Thursday, November 04, 2010

RIP Sparky Anderson (1934-2010)

Hall of Fame manager Sparky Anderson died today from complications of dementia. Here is his wikipedia page.

The one remark I want to make about Anderson is that he always looked much older than he actually was. I'm also not entirely clear on what constitutes complications from dementia, so I might look that up later.

Wednesday, November 03, 2010

Jerry Brown is once again Governor of California

Looking at this from a bird's-eye view and without thinking about partisanship, Jerry Brown regaining the California governorship after serving from 1975-1983 is just a really neat story. And his campaign commercial inspired by Dos Equis beer is simply a big win.

I have OCD.

From volume 1 of things not to do in the customs hall at the airport: Have a sudden thought about one's page proofs, and then let OCD take over and find a corner of the room to open up one's laptop so that one can check a formula in the .pdf file while other people are doing the usual thing and going through security. Then spend long enough doing that so that a security guard becomes suspicious and comes over to ask you what you're doing. (I did manage to talk my way out of it, though!) Um, oops?

Tuesday, November 02, 2010

What Happens in Durham (NC) Stays in Durham (NC) [Take 2]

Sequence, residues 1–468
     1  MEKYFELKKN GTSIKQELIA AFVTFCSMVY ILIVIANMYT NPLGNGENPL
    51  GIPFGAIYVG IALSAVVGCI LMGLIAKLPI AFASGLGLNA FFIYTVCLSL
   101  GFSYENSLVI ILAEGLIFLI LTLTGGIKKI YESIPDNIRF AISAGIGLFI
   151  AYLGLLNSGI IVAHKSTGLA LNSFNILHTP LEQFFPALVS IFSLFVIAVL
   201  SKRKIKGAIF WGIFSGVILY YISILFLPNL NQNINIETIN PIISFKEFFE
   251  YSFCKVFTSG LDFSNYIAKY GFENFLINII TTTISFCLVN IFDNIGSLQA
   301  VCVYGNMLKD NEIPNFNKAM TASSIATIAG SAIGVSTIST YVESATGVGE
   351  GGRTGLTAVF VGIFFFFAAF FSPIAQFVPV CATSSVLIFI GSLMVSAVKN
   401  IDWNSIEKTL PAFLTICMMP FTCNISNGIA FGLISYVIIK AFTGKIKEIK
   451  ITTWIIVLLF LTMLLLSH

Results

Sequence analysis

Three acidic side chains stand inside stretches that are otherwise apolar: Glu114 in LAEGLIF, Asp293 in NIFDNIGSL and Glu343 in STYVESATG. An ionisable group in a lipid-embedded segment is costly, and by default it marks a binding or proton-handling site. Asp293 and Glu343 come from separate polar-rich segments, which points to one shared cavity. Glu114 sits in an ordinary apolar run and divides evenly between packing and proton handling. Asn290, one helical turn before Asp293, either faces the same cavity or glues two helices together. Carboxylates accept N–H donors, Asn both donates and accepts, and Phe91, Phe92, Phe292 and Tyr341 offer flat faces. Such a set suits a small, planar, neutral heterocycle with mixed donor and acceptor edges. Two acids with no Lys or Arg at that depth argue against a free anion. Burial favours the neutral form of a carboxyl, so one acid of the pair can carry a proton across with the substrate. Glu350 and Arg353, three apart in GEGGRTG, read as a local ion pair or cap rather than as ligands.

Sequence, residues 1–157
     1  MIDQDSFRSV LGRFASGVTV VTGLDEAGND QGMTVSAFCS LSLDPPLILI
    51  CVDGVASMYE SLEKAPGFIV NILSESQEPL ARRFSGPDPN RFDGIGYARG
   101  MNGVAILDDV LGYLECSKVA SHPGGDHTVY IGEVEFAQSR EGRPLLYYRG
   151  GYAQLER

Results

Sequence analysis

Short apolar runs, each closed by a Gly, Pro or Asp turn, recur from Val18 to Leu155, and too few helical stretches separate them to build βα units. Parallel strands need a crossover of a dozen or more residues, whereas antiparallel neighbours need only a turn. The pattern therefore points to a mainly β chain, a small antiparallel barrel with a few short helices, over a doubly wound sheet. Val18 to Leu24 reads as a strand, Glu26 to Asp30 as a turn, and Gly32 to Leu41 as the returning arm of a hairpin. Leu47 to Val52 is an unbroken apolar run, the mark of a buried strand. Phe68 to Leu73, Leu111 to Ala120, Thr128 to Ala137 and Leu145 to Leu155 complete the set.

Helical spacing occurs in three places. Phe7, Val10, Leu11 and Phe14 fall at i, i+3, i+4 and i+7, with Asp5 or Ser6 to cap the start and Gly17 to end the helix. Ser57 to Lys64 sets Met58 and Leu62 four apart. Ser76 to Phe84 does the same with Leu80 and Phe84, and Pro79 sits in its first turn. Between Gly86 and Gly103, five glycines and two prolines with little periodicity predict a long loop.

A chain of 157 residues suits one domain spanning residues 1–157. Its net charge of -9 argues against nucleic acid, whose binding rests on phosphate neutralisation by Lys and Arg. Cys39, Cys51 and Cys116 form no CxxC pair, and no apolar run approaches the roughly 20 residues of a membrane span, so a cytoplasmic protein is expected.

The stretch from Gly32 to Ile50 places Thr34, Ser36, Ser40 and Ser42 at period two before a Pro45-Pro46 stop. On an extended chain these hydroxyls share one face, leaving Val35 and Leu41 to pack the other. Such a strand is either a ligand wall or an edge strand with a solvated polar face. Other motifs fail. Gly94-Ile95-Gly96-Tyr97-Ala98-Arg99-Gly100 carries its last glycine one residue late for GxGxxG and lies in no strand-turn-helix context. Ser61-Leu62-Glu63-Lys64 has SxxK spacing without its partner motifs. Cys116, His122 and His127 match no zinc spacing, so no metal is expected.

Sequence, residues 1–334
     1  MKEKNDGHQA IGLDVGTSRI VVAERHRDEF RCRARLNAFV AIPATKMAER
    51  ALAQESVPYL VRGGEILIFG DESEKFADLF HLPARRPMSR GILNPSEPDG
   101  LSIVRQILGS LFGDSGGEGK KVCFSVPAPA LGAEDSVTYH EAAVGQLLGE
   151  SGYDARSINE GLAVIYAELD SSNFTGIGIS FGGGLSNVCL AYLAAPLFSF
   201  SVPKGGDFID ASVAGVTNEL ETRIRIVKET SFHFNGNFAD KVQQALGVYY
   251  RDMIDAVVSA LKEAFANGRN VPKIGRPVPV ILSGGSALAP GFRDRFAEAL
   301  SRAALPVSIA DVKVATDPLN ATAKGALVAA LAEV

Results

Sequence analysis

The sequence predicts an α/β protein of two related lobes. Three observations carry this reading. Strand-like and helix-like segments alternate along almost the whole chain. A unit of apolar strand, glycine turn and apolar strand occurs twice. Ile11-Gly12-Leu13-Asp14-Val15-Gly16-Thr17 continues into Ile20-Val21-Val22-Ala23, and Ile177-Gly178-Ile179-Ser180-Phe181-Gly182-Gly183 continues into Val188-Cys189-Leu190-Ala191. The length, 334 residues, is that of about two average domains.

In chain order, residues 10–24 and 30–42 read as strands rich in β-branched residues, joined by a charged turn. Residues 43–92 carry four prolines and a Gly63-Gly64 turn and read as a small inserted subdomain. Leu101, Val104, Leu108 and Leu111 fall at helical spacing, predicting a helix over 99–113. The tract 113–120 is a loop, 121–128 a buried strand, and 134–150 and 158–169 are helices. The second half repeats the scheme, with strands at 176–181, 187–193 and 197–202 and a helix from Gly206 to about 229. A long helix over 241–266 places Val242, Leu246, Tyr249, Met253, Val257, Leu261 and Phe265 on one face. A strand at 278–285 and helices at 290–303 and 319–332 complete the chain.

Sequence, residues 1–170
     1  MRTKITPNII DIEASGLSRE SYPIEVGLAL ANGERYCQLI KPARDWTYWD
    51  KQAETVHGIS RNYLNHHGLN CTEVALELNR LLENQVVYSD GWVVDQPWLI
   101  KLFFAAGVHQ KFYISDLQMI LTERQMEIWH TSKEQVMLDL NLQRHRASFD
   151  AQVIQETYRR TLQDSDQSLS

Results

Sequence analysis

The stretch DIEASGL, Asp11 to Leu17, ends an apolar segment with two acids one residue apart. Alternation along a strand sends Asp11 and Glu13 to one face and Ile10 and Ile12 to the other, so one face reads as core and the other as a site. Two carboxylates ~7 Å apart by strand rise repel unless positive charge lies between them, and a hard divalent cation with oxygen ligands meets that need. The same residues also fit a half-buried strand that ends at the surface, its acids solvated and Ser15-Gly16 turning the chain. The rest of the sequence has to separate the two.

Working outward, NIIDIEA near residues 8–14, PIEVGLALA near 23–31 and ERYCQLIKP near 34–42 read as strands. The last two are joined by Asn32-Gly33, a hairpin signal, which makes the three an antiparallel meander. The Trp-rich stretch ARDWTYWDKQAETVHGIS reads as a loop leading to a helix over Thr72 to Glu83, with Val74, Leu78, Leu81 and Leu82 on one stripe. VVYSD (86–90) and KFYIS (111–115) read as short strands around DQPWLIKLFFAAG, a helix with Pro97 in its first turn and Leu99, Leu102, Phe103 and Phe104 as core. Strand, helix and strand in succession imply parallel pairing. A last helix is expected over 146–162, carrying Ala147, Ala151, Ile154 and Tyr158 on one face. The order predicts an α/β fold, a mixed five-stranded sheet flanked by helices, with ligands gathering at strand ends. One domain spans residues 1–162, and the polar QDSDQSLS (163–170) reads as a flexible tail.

In about 45 minutes, I will be on the bus to Heathrow to take my 2nd trip to North Carolina to visit SAMSI. I will be there for 3 weeks (except for a few days in Seattle) and will again be staying with Kin Chan.

Congressional Networks Research Back in the News

You can find the blurb about my research here. I had never heard of the venue io9 before, but it seems to have a pretty healthy readership.

Tracking Break-Ups via Facebook Status Updates

Here is a CNN.com article about a journalist and graphic designer who minded Facebook status updates to try to discern when people broke up the most. (And, of course, this is a sensible way to do that. On a similar note, one of my collaborators is involved in a project that tracks the nation's moods---and, e.g., election updates---by following tweets.) However, I don't understand the plot that goes with the article. There is supposed to be a spike around Christmas, but the graphic that goes with the article clearly does not show such a spike. What gives?

Smile on a Baseball Card and Live Longer (and maybe also Prosper More)

One often hears comments that people who smile more live longer, which has to do with the positive emotions. But how to test this? Well, how about with baseball cards. Now that's pretty damn cool!

And in other news, I have a book deal. And I'm going to try to be concise when I write it. Stay tuned. (Or ask me, but I have to actually write the book first...)